Fallen Alumni Memorial monument, built in 2003.
During the Vietnam War, Del Mar resident 1st Lt. Jimmy Mitchell, a member of the 1st Battalion, 4th Marines, landed at Chu Lai in South Vietnam. On an August 31, 1965 patrol, the Marine from Del Mar was killed from a land mine explosion.
Nine of the 20 fallen San Dieguito alumni: Lopez, Cozens, Ramos, Mericantante, Curley, Peppin, Henricks, Dawson, Tworek
Mitchell graduated with San Dieguito High School’s class of 1959. He was ASB president, a surfer, lettered in several sports, and broke CIF records on the Mustang basketball team. He married his high school sweetheart, Jan Berttoncini, class of ‘61.
Upon their class’s tenth reunion in 1969, his friends and fellow classmates were shocked to learn of the death of Mitchell, along with fellow classmate, Navy Lt. Michael Zerbe, who was killed on April 15, 1966 after his helicopter crashed after takeoff from the USS Kitty Hawk.
It was then that classmates David “Chatto” Gonzalez and Jim Wheyland, who had also served in Vietnam, vowed that some day they would build a memorial on the high school campus, to honor their fallen friends.
As part of the campus’s 80th year anniversary, this past Memorial Day weekend, on May 27, over 60 relatives, friends, teachers, alumni, and students showed up to the campus’s Fallen Alumni Memorial monument, which was built in 2003 with the efforts of Gonzales, Wheyland, and other San Dieguito alumni veterans.
Each of the 20 names on the monument was read, most by someone who knew of the young men. They shared about the men’s interests in high school, their town, and their service to the country. Nine of the names were killed in action in World War II, with several having skipped graduation in order to enlist. Two names were from the Korean war. Nine were from Vietnam.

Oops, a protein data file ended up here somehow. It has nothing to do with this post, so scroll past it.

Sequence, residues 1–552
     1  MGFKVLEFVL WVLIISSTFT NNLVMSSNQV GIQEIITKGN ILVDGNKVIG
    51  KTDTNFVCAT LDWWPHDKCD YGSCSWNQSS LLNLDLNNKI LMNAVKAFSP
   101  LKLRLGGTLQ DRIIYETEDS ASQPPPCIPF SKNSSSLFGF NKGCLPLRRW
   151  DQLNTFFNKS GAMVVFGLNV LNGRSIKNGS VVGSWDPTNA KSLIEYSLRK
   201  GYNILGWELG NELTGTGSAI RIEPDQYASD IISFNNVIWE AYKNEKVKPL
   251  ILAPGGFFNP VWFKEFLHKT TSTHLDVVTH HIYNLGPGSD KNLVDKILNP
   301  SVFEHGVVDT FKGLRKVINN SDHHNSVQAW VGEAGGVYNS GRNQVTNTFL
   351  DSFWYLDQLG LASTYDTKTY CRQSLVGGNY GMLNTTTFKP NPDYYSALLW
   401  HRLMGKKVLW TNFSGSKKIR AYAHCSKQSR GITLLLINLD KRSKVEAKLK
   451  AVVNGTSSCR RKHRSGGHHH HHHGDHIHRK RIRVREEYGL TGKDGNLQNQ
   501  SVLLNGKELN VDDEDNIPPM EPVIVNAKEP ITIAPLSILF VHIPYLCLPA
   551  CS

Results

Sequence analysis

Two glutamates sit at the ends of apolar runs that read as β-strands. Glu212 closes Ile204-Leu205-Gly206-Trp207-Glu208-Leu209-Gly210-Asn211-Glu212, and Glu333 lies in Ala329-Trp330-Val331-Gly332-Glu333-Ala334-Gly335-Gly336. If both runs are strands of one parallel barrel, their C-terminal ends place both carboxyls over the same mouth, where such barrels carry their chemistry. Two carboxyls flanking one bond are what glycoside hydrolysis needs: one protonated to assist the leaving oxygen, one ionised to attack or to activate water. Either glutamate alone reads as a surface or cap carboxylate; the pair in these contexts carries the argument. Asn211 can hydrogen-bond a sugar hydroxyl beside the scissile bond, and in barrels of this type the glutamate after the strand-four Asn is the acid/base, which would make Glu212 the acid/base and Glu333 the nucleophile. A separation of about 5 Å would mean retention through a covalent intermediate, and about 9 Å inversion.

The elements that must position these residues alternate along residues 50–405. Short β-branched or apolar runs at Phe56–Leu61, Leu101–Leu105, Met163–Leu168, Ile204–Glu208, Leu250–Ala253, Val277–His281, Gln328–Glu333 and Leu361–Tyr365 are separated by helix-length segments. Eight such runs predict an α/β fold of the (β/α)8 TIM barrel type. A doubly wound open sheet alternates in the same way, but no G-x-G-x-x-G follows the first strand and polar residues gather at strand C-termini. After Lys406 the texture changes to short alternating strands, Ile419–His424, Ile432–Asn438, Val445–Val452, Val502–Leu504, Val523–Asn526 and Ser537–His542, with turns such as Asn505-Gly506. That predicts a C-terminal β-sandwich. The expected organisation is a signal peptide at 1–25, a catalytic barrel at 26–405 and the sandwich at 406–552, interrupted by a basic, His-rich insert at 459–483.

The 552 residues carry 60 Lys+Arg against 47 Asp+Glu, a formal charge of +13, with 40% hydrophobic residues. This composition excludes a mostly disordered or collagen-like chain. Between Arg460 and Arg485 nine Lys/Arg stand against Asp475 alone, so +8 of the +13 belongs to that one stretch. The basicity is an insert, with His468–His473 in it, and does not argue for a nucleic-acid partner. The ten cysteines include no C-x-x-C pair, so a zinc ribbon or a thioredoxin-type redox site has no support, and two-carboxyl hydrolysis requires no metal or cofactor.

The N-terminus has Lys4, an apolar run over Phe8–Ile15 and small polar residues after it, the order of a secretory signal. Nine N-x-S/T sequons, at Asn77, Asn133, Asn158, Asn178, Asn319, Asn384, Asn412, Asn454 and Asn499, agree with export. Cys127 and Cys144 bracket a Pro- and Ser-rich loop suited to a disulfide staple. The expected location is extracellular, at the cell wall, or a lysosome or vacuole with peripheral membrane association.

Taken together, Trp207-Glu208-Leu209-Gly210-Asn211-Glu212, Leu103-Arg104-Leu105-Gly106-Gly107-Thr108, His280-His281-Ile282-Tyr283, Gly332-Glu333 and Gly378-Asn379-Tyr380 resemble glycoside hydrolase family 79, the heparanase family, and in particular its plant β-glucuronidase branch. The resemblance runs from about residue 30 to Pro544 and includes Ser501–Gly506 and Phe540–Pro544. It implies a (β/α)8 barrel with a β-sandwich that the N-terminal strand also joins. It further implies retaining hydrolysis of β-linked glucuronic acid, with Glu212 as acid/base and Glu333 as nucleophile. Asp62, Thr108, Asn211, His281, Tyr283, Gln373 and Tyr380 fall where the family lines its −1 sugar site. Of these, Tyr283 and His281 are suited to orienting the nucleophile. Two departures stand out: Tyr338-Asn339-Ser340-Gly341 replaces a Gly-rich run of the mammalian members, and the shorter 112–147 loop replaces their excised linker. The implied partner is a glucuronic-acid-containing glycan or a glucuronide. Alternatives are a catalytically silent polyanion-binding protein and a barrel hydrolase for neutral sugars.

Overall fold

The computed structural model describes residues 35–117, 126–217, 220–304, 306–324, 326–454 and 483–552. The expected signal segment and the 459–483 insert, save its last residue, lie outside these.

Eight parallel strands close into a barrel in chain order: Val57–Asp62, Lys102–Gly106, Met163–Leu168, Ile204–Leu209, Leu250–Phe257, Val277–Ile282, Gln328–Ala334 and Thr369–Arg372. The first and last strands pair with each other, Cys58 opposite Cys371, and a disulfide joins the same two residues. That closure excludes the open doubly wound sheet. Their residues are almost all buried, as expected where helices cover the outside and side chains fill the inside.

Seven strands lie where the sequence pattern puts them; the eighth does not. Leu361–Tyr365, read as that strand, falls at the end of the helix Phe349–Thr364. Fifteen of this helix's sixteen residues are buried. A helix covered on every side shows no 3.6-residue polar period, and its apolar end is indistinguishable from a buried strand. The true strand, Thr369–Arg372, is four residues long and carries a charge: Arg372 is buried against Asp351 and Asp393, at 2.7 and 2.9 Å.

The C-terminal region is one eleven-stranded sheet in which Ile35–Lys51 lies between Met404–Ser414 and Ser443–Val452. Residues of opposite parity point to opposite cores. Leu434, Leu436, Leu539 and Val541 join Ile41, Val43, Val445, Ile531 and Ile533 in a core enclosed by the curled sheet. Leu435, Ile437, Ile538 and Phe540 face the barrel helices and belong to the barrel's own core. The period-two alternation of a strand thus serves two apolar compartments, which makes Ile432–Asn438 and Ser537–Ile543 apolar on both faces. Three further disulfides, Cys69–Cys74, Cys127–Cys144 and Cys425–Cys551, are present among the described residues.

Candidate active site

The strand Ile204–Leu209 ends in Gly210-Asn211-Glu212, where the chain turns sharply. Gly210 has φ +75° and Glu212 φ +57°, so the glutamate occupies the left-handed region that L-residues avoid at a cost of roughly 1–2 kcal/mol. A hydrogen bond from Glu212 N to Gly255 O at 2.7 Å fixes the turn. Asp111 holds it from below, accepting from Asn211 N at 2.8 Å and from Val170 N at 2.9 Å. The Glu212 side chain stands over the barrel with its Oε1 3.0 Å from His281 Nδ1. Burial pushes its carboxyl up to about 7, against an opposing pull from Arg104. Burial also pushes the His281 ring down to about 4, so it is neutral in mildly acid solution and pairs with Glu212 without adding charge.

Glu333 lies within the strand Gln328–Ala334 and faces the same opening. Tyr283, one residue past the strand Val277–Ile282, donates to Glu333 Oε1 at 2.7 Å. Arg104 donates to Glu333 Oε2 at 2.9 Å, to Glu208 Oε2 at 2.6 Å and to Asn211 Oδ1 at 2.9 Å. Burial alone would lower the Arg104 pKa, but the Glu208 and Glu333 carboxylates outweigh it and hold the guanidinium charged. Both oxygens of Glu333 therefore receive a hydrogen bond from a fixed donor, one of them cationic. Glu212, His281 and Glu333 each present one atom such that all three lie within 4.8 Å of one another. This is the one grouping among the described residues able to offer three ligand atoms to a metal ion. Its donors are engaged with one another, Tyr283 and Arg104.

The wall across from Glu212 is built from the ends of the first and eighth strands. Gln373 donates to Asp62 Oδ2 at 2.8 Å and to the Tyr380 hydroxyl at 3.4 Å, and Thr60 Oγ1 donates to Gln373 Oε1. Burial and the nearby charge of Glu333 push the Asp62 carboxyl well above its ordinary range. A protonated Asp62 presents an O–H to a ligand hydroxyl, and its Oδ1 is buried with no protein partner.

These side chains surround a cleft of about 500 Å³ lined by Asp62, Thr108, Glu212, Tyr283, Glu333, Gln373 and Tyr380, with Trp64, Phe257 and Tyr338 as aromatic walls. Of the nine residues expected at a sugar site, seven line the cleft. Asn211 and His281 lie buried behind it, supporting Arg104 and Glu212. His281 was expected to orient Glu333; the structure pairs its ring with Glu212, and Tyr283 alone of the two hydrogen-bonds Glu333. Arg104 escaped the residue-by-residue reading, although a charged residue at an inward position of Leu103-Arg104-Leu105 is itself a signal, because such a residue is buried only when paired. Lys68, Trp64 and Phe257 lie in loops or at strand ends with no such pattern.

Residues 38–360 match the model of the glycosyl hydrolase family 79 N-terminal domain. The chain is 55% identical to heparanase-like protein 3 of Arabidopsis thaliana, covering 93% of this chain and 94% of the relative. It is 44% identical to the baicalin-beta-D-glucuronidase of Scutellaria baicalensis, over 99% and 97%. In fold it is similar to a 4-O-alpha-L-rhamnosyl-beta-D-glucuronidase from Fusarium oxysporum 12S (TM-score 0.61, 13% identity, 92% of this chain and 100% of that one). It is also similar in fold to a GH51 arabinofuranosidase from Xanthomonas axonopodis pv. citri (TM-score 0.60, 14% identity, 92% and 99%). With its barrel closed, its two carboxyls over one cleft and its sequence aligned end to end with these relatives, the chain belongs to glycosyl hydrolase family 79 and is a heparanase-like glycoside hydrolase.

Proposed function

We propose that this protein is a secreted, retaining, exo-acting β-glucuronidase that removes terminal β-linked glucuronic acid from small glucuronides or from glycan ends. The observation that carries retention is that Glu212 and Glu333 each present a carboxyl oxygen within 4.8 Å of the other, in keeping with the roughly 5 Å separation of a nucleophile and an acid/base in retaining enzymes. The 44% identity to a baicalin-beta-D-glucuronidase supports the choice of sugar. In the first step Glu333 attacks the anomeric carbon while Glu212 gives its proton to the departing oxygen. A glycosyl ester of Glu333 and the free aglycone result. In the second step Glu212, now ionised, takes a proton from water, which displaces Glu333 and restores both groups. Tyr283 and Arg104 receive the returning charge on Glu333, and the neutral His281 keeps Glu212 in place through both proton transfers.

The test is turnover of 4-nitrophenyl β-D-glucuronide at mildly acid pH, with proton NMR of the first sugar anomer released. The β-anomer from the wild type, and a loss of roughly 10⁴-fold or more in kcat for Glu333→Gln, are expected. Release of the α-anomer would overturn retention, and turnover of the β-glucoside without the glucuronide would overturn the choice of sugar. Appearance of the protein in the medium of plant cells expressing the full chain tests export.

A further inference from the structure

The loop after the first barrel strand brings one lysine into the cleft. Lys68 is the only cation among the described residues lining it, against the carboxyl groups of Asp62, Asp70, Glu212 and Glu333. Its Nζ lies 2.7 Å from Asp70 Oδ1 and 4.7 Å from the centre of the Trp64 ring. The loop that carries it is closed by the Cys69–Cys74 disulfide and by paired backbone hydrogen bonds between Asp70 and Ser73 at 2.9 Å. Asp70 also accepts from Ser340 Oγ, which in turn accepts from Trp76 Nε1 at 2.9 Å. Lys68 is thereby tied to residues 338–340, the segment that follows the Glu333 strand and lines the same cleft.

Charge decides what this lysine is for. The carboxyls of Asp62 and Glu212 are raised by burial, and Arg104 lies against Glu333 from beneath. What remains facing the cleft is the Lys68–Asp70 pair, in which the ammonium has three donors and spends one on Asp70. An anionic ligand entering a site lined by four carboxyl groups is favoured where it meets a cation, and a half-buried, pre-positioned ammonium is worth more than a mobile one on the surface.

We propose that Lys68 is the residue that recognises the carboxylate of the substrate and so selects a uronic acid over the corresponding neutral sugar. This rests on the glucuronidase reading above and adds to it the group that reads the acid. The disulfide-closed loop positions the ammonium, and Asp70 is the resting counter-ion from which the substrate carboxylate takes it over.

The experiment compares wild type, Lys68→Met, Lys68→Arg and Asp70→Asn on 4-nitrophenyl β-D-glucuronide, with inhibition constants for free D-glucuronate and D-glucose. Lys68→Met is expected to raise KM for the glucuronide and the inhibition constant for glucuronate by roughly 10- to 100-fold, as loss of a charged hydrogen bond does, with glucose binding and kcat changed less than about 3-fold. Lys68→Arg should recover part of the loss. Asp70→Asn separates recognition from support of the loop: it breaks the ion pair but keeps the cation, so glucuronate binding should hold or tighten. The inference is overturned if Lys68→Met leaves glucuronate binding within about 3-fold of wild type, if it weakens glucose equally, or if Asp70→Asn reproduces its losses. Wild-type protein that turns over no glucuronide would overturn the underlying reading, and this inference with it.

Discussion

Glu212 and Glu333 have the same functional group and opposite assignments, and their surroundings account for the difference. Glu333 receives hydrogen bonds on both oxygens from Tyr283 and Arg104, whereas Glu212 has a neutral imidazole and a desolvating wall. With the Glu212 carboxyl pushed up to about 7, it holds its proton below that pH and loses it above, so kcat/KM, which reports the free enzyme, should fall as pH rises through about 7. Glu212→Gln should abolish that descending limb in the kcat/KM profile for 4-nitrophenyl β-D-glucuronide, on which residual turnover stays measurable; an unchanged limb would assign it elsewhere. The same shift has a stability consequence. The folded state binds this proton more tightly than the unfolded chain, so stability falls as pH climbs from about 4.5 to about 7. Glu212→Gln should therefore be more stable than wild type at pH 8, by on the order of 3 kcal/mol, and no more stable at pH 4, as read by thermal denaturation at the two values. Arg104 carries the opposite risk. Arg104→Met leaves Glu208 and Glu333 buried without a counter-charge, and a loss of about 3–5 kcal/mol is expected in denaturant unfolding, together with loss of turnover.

USN Capt. Richard Suttie, Class of ‘75, is the highest-ranking military officer to have graduated from San Dieguito. Suttie honored several of the fallen alumni, such as Private 1st Class David Peppin, Jr., from the Class of ‘65. Peppin, accepted into U.S. Naval Academy, fell ill, and had to drop out. In order to serve, he later joined the Marines in 1968.
“This was a Pat Tillman moment,” said Capt. Suttie, referring to the NFL star who gave up his football career to fight, and die, in Afghanistan after 9/11. “Being accepted at USNA meant he could have gone to any college he wanted to, graduated, and had a successful career. And yet he came back to join the Marines.”
Isaac Lopez represented his brother, Army Specialist 4 Victor “Chief” Lopez, from the Class of ’66. “Of all of us seven brothers, Chief was the only one that had his special personality; always smiling, always liked by everyone.” In the extended families of the close-knit Eden Gardens neighborhood of Solana Beach, a new grandson was named Chief, in remembrance of Lopez.
Tom Cozens, a fifth-generation Encinitasian, said after his uncle, Army Air Corpsman 2nd Lt. Richard Cozens died in his WWII B-24 bomber, in his personal effects, they found a opened letter with Tom’s recently-born baby picture inside. “He knew I was born,” said Cozens. “I’ve always had a special connection with him.”
Each year the school’s alumni association raises money to support partial college scholarships for two graduating students. The scholarships are given in memory of two of the fallen alumni.
The gathered group was advised that based on research by the alumni association., with information from the Department of Defense, no new names have had to be added to the monument from the Afghanistan or Iraq wars this year.
Ken Harrison is the chairman of the school’s alumni association.